In this social media dominated era, news is increasingly being presented as short, headline oriented, clickbait tidbits of information with little to no context. The phenomenon can be dubbed the “Buzzfeed mentality,” after the eponymous mega-site dedicated to viral content, which has fundamentally reshaped the way news is reported.
Short-form clickbait Buzzfeed style journalism, now predominates online and is encroaching into the print and television media spheres. This cursory way of presenting information may actually be dumbing us down rather than keeping us informed.
The Trend Towards Short Form Clickbait Journalism
In a prophetic piece from 1991, C. John Summerville, a Professor of History at the University of Florida, and senior fellow at Harvard's Center for the Study of World Religions, noticed a few of these trends beginning. He states:
"We’re too busy to manage anything but the News, and we’re getting almost too busy even for that. So the papers and the TV stations are learning to package it for us in ever more “attractive,” i.e., ephemeral, forms."
"What happens when you sell information on a daily basis? You have to make each day’s report seem important, and you do this primarily by reducing the importance of its context...So News involves a radical devaluation of the past, and short-circuits any kind of debate."
Whatever the reasons for the rise of the Buzzfeed mentality, when short form news accounts for most of our reading and viewing, it has a deleterious effect on our mind. In the absence of dialog, debate, and big-picture perspective, we start to think that opinions are the same as facts. Facts themselves are always based on deeper causes that there is no time, space, or desire to elaborate on.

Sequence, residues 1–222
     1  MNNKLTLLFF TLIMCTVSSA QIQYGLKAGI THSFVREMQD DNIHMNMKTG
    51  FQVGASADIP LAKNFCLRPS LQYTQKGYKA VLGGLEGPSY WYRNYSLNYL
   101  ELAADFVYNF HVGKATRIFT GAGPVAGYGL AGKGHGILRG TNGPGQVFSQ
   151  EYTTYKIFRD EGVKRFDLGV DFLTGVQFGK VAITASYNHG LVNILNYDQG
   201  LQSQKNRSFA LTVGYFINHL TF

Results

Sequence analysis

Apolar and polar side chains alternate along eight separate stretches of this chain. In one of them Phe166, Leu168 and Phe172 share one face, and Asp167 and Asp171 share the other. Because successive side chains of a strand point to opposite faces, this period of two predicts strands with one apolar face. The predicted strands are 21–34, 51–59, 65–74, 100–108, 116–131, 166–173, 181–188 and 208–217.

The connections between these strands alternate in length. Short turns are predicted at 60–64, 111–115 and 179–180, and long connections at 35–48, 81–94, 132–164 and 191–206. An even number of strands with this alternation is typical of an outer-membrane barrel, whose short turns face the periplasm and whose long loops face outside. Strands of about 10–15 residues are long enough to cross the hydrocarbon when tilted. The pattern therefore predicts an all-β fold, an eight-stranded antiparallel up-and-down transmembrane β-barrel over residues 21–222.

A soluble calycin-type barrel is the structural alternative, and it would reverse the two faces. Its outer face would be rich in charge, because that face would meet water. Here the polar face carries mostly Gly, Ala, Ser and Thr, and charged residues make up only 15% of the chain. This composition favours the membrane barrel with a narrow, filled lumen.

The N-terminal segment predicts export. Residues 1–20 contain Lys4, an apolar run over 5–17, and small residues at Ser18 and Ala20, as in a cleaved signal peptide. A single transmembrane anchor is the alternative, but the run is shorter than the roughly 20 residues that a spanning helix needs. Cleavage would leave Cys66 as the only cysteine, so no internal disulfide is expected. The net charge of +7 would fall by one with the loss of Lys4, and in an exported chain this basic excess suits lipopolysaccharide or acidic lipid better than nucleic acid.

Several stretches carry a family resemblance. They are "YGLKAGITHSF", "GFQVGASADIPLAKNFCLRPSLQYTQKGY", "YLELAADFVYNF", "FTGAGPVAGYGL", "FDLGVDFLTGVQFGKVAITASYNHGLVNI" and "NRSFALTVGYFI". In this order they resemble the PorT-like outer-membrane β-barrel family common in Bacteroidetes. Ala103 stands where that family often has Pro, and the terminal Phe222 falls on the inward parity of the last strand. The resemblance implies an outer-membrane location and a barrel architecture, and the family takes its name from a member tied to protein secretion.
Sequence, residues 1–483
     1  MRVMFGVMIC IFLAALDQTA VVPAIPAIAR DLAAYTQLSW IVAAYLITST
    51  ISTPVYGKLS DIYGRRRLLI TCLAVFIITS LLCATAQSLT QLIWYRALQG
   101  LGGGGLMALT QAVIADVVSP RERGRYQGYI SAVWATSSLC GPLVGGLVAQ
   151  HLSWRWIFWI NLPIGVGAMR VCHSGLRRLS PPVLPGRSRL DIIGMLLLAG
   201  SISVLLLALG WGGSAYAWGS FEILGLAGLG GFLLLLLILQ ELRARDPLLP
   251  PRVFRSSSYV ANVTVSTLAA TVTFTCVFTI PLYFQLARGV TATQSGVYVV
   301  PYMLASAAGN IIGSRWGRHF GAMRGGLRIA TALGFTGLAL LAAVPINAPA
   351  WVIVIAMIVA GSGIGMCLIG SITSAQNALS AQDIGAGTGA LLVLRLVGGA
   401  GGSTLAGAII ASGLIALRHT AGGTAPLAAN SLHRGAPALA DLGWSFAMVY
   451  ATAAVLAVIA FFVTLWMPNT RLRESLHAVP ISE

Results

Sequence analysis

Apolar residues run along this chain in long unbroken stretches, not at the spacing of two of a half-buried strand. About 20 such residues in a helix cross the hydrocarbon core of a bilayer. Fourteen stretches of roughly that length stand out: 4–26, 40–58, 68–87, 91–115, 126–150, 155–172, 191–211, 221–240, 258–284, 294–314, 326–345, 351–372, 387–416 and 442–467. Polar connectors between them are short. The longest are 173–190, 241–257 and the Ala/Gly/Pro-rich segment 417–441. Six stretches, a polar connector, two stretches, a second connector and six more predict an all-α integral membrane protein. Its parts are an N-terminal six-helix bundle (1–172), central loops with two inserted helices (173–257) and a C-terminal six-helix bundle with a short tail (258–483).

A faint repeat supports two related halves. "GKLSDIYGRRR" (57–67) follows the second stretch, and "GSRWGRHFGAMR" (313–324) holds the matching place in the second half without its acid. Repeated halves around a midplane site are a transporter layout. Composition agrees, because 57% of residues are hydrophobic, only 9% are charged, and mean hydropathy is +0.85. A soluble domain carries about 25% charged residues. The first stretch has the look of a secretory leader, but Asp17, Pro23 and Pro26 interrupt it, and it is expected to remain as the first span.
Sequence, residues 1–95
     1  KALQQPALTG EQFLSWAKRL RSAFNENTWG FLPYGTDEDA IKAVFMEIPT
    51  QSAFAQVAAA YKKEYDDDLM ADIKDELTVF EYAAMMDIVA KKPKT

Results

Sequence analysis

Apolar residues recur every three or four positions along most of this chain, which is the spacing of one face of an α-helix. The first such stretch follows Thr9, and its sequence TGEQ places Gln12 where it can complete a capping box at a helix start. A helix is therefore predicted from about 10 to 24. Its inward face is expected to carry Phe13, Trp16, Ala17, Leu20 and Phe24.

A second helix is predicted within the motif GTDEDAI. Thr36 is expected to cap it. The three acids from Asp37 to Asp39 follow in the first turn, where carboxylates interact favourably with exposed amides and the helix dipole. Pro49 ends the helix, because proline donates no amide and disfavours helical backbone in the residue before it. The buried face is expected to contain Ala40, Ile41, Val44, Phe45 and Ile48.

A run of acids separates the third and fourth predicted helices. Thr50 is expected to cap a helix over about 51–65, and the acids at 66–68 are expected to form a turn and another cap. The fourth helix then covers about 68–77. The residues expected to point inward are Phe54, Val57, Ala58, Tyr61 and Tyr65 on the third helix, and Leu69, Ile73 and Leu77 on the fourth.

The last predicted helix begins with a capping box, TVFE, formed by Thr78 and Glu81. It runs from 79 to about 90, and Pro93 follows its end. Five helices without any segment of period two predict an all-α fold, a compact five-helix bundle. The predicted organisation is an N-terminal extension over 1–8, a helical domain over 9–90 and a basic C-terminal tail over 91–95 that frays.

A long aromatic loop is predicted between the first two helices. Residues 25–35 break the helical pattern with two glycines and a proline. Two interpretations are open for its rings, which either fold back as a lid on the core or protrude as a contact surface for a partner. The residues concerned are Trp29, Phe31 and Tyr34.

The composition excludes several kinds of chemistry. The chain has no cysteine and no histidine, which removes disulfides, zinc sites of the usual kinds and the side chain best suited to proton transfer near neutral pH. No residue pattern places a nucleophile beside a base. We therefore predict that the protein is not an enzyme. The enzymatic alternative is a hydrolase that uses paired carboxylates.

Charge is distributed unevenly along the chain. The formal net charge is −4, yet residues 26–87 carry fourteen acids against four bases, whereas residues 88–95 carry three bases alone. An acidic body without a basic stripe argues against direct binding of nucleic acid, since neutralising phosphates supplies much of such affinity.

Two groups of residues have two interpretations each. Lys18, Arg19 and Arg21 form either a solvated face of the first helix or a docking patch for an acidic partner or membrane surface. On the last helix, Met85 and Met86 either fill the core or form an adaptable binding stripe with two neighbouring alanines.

“News is a concentration on the ephemeral—the flotsam and foam on the surface of history. It reminded us that it is not the job of the News to tell what all this means in the Bigger Picture. It’s nobody’s job to do that anymore,” Sommerville states.
How to Avoid the Buzzfeed Mentality
Fortunately, the same digital sphere which has given rise to the Buzzfeed mentality also inherently allows for long form journalism without the space constraints and economic pressures of traditional media. Long-from journalism is currently thriving online via apps which aggregate the best long form news sources, filtering out more superficial results with low word counts. Investigative journalism sites like ProPublica and The International Consortium of Investigative Journalists, conduct in-depth, long-term reporting on single topics of interest, often with the goal of facilitating reform.
If most news tends to focus on superficial topics while avoiding more complex information, Summerville also suggests that we can circumvent this phenomenon by taking the time to read books – both fiction and non-fiction - which allow us to explore issues in greater detail:
"If News were just one of many things that we read each day, it wouldn’t have the same impact. If we read philosophy, history, science, theology—regularly—we would be able to make much better sense of the day’s events...We might find the novel more impressive the second time around. We are impressed again with the author’s insight, not dismayed by an editor’s shallowness."
Books and long form journalism allow us the opposite of what short form news provides – the opportunity to deepen our understanding of many the facts that underlie world events. Now we just need to make time to read them.
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